Since his boyhood days in Newburgh, N.Y., the Hudson River has been a subject of beauty, fascination and concern to Franklin & Marshall’s David Schuyler.
The Arthur and Katherine Shadek Professor of Humanities and American Studies routinely returns to his hometown on the Hudson to write about the 315-mile-long river. Schuyler’s 2012 book, “Sanctified Landscape: Writers, Artists, and the Hudson River Valley, 1820-1909,”won several awardsincluding the Herbert H. Lehman Prize for Distinguished Scholarship in New York.
In his latest, “Embattled River: The Hudson and Modern American Environmentalism” (Cornell University Press 2018), Schuyler returns to examine the ongoing fight of more than half a century to protect and preserve the environment, the spectacularly scenic landscape that evokes the American ideal, and the rich history of the river and the valley through which it courses.
“I ended ‘Sanctified Landscape’ by pointing out the rediscovery of those Hudson River School painters in the 1950s and ‘60s, and how important that was to the emerging environmental movement,” Schuyler said.
From the American Revolution to the first American school of art (the Hudson River School), the river has played a vital role in the nation’s historical and cultural identity. Now, Schuyler shows how the river led the way in the environmental movement as its denizens battled threats to the landscapes and waters from utilities, manufacturers, industries and developers.
Schuyler begins his book with a project proposed in 1962 by Consolidated Edison, a New York state utility that wanted to build an enormous hydroelectric plant and pump storage reservoir linked by an underground tunnel drilled into Storm King Mountain. It involved cutting away part of the mountain, which rises along the western side of the river and is the northern gateway to the bucolic Hudson Highlands.
“It would have inflicted a terrible scar on Storm King Mountain,” Schuyler said.
Meanwhile, on the mountain along the Hudson River’s eastern shoreline, Central Hudson Gas and Electric proposed a pump storage plant at Breakneck Ridge, the other side of the northern gateway to the Hudson Highlands.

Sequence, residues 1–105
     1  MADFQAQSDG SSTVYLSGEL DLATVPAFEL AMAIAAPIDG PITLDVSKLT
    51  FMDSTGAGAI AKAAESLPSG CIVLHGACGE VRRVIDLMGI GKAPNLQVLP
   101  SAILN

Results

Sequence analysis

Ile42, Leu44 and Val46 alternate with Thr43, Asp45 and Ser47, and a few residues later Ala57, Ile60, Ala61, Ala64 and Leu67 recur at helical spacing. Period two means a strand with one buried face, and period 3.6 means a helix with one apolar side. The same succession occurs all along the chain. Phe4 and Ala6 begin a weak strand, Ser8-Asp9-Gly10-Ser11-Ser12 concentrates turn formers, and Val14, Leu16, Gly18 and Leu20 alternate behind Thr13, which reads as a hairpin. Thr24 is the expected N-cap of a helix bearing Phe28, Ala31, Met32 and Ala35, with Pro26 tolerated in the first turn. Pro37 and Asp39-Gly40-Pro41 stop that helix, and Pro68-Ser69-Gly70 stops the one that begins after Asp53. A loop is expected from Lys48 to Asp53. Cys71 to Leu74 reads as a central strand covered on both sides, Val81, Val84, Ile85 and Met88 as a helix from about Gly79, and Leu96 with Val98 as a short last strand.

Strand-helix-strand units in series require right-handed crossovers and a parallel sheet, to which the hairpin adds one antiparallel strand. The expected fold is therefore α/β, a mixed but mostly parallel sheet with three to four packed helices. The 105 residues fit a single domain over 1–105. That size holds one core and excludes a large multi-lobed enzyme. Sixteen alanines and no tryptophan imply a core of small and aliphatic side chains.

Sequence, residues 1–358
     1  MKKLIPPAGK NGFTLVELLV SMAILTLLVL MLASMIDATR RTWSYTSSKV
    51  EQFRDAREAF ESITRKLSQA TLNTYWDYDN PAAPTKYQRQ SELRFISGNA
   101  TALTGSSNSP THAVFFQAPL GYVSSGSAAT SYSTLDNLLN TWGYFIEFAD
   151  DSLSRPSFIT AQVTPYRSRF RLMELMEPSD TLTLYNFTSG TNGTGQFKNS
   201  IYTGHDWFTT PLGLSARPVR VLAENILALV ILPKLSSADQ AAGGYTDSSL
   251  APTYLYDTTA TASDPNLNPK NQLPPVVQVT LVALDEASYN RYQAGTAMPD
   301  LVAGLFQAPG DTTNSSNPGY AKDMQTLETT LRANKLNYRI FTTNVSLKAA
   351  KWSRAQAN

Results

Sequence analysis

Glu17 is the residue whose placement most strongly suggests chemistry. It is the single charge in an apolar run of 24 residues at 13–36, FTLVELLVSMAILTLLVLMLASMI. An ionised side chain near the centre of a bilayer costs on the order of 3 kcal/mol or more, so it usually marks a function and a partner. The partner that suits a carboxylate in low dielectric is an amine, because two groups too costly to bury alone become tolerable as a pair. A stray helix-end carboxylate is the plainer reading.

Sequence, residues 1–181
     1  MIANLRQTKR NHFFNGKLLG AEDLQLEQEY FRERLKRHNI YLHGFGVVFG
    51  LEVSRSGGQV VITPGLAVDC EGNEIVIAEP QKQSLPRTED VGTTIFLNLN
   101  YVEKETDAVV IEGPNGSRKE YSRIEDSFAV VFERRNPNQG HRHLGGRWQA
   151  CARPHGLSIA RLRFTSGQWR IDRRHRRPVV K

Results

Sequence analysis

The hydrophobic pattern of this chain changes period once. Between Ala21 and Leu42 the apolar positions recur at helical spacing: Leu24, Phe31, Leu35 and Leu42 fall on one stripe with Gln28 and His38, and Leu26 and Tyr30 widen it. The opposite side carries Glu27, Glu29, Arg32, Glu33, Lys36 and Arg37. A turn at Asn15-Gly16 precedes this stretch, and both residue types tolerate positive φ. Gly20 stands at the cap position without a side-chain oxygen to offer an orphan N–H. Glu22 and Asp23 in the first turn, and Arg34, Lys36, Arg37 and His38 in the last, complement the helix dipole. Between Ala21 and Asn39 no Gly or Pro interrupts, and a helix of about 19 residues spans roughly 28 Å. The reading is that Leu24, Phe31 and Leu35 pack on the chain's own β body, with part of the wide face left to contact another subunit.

“These are just incredibly beautiful places,” Schuyler said. “The Hudson Highlands constitute probably the most beautiful and dramatic river scenery in the eastern United States, and it would have been ruined.”
As Schuyler details in his sweeping narrative, Scenic Hudson (then Scenic Hudson Preservation Conference) sued the Federal Power Commission and Con Ed. The group lost, but on appeal, the court ruled in favor of Scenic Hudson. The ruling had three significant dimensions that continue today to have repercussions for environmental protection efforts.
“First, it recognized that Scenic Hudson had standing,” Schuyler said. “Until this time, you could only claim standing in the federal judiciary if you had already suffered some kind of harm, usually economic harm. Since nothing had been built, nobody had been harmed, and yet the court gave Scenic Hudson standing. That revolutionized the federal judiciary, it opened up the courts to all kinds of citizen lawsuits, and it’s still ongoing.”
Just as revolutionary, the ruling chastised the Federal Power Commission for not considering scenic, cultural and historic concerns in determining harm to the environment, he said.
“The ruling effectively mandated the preparation of the first environmental impact statement ever undertaken, and the second and third parts of the ruling became key elements to the National Environmental Policy Act of 1969,” Schuyler said.
The outcome of that, he said, was the Environmental Protection Agency, created in 1970.
The Storm King Mountain case was the first salvo to protect the Hudson and its breathtaking landscapes. As Schuyler writes in the book’s ensuing chapters, other court battles followed including one against General Electric, which dumped poisonous polychlorinated biphenyls (PCBs) in the waters for decades starting in the late 1940s. In 2002, after years of court battles, GE was ordered to clean the 40 miles of river it had contaminated.
Despair over the river’s pollution drew high-profile champions such as the late folk singer and activist Pete Seeger. A Hudson Valley resident, Seeger set sail in 1966 in his sloop, “Clearwater,” to bring national attention to the river and to environmental issues. His legacy, the Clearwater Festival, is an annual music and environmental event along the Mid-Hudson’s shores.
Today, Riverkeeper, formerly the Hudson River Fishermen’s Association, is an influential advocate for the environment, Schuyler said.
“It has been the organization that fights hardest for clean water,” he said. “And it led the charge to convince Gov. Andrew Cuomo to ban fracking in the state of New York.”